REVIEW: LEGO Venice Cityscape (21026)
In November I offered a first look at the new 2016 LEGO Architecture models when photos of the sets were released online, and now I am pleased to share a review of the smallest of the four new sets featuring a cityscape scene of Venice, Italy. “Cityscapes” is a new sub-theme for the LEGO Architecture product line which focuses not on specific buildings, but on very small scale models of a cities most iconic landmarks. Liberties are taken with geography and scale to compress a whole city into a 32 stud wide scene which includes only the 4 to 5 most iconic landmarks.
The Venice model is the smallest of the series, with only 212 bricks and featuring just 4 buildings. It includes a high quality box and booklet like all the models in the Architecture series. It is tri-lingual: English, French and Italian. Each of the landmarks featured in the model are explained in the booklet along with a photo of the real building.
From left to right:
- Rialto Bridge is a large bridge with shops near the center of the city. It is actually several canals north of St. Marks Square. This strong element in the overall composition is cleverly constructed using two 62361 / “Mudguard 1 1/2 x 6 x 1 with Arch”. This achieves a near perfect curvature and a nice elegance as compared to a basic arch.
- St Mark’s Basilica is the ornate church on the east side of St Mark’s Square. It’s essence is well captured in this small but colorful model, even though the real building has more arches and the columns are rather crudely rendered using 2412 / “Grille”.
- St Mark’s Campanile is the bell tower for the basilica, and is on the west side of the Basilica. The ordering of the buildings is a bit strange, as you will see in an illustration below, but it looks nice placed next to the basilica even though it is actually in front of it. The lion is the only printed brick in the set besides the name tile.
- The two columns represent the St. Theodore & Lion of Venice columns. They are my least favorite elements in the composition, because they are too small to be enjoyed, and a clip is a pretty crude placeholder for a lion.
- Lastly, the Bridge of Sighs is captured in isolation on the right. It feels like an afterthought, and I would have preferred to remove it, make the model less wide, and offer the model at a lower price. While I did recognize it immediately when seeing the model for the first time, the real bridge connects two taller buildings rather than being a standalone structure, causing this version to not make a lot of sense.
Despite some shortcomings, I give this model an 8/10 rating for aesthetics because it captures the feel of Venice really well.
The part selection is pretty good with a variety of colors, some clever parts usage including the ones I already called out above. The most valuable part is the 90398 / “minifigure statuette” in White which is a new color for that element. Only one is needed to build the model, but two were included in the set. At the time of this article it is a 5$ part on Bricklink, but I think it will fall to around 1.50$ in a few months.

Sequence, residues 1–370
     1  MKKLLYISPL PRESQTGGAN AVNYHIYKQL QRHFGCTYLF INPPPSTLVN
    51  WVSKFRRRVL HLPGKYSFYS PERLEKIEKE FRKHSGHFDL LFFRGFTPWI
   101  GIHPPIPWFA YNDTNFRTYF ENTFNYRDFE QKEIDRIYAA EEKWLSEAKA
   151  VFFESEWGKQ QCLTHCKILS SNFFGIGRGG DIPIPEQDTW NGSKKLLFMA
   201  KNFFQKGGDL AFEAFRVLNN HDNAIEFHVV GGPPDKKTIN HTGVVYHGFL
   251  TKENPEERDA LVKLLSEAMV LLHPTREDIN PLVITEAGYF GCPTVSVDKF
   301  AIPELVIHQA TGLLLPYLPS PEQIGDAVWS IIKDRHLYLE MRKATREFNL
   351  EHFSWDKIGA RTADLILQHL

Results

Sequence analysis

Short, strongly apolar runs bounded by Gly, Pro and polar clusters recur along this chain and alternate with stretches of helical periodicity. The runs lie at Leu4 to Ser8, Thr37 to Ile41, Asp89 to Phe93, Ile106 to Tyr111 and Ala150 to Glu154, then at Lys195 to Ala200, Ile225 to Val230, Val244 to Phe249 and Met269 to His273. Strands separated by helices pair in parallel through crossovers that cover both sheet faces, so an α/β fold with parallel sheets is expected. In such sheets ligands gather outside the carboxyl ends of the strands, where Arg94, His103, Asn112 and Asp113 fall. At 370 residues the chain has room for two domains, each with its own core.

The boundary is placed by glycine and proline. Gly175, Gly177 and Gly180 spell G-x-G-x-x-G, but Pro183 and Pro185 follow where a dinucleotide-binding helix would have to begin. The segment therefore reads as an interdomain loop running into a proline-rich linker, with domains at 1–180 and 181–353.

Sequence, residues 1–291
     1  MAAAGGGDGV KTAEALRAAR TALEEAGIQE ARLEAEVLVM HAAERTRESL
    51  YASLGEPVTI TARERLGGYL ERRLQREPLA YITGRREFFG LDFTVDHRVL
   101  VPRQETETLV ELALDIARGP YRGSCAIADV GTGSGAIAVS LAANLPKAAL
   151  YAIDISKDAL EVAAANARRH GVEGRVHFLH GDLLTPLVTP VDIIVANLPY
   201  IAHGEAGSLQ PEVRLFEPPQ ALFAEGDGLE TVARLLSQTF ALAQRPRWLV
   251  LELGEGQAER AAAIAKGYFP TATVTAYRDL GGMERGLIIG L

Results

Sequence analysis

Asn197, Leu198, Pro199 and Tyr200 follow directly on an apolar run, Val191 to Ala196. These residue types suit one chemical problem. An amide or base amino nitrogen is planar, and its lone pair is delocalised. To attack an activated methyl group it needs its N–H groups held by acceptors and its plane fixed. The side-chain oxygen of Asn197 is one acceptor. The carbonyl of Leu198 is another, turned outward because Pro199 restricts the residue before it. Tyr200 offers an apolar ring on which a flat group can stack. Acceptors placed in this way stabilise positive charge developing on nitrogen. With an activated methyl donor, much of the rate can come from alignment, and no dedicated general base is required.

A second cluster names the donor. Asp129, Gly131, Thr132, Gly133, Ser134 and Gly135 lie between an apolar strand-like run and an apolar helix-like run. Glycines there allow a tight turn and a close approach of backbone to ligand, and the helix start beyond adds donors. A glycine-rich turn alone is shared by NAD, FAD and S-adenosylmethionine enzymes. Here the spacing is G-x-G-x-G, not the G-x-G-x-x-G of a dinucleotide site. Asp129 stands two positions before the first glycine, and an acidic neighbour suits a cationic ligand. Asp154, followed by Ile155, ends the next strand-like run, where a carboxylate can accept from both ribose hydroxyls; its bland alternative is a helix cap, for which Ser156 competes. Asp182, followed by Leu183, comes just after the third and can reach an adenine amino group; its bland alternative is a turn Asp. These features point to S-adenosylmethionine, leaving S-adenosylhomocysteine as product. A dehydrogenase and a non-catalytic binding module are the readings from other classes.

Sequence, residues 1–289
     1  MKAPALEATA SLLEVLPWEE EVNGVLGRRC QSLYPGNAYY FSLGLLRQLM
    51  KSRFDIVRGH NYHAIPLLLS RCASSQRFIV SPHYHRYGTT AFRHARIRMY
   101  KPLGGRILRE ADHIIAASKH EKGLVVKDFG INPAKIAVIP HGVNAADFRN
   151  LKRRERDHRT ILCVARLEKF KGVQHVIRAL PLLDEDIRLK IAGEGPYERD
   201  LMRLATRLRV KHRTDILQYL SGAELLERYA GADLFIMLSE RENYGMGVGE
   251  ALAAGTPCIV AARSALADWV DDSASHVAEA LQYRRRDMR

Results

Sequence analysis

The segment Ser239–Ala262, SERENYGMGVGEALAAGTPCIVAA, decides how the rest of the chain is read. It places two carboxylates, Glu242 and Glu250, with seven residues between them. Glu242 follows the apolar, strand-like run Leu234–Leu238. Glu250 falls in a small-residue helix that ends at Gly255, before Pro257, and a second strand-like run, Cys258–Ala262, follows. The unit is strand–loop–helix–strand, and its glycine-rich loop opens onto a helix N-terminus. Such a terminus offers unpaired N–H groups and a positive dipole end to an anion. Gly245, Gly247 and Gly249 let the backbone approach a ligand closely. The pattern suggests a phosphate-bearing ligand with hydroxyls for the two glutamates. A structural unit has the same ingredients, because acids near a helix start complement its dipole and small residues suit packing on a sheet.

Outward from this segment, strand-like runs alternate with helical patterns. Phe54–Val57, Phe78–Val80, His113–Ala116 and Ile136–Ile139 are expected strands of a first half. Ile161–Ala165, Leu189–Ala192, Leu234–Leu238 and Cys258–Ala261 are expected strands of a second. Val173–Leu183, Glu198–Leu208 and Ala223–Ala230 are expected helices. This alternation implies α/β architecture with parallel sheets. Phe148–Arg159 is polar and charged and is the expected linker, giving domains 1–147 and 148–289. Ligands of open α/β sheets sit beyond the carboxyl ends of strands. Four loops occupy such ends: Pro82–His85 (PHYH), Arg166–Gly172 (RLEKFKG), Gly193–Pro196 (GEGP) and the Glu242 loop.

Due to reasonably diverse parts, this set is a 6/10 rating for part selection.
The MSRP is 29.99$, which is a staggering 14 cents per brick. (It doesn’t include lots of large bricks to justify price, and the new Berlin model includes nearly 300 bricks for the same price.)
Sadly, this is a 4/10 rating for value, one of the worst priced sets in the whole LEGO Architecture series.
It’s a cool model, but an overpriced set. I have to put this near the middle of the pack of the Architecture series with an overall rating of 6/10. I would recommend this set for people who love Venice, folks to really love the Skyline series, or if you can find a great deal. It feels like it should have been a 19.99$ or 24.99$ set.
Spoilers / Box Build
I always try to build the LEGO architecture models without using the instructions. This was a pretty easy model to build using on the photo on the front of the box. I’ve included some photos of the finished model, so don’t scroll any further unless you want to see spoilers.
In November, I built this model using spare parts from my collection. I had shared some photos on my Instagram account, didn’t share them on my blog until now. I identified how to build most of the model correctly, with the only mistakes being the need to substitute some parts for different colors or similar parts because I have a relatively small collection. I also used slightly different but equivalent parts on the base, mostly due to the fact that I did not own and had never seen part 87609 / “2×6 Plate with 4 studs on side”.
Once the official set arrived, I built it without using the instructions. (This is called “Box build” when done competitively at LEGO conventions.) I was pleased that the only mistakes were due to things I literally couldn’t see from the photo on the front, and are not really visible in the finished model. Specifically, the sand green cheese in the back was rotated the wrong direction, and the reddish brown bricks in the back were assembled in a different but equivalent way. I got the lowest two levels of plate right, although I swapped a gray 2×2 and black 2×2 in a way that didn’t matter at all.
I wanted to close by sharing this view of the model which breaks apart the various layers of the model so you can see how they go together. We have the base which is pretty similar across the various LEGO Architecture Skyline models, the ground level, and then the buildings on top.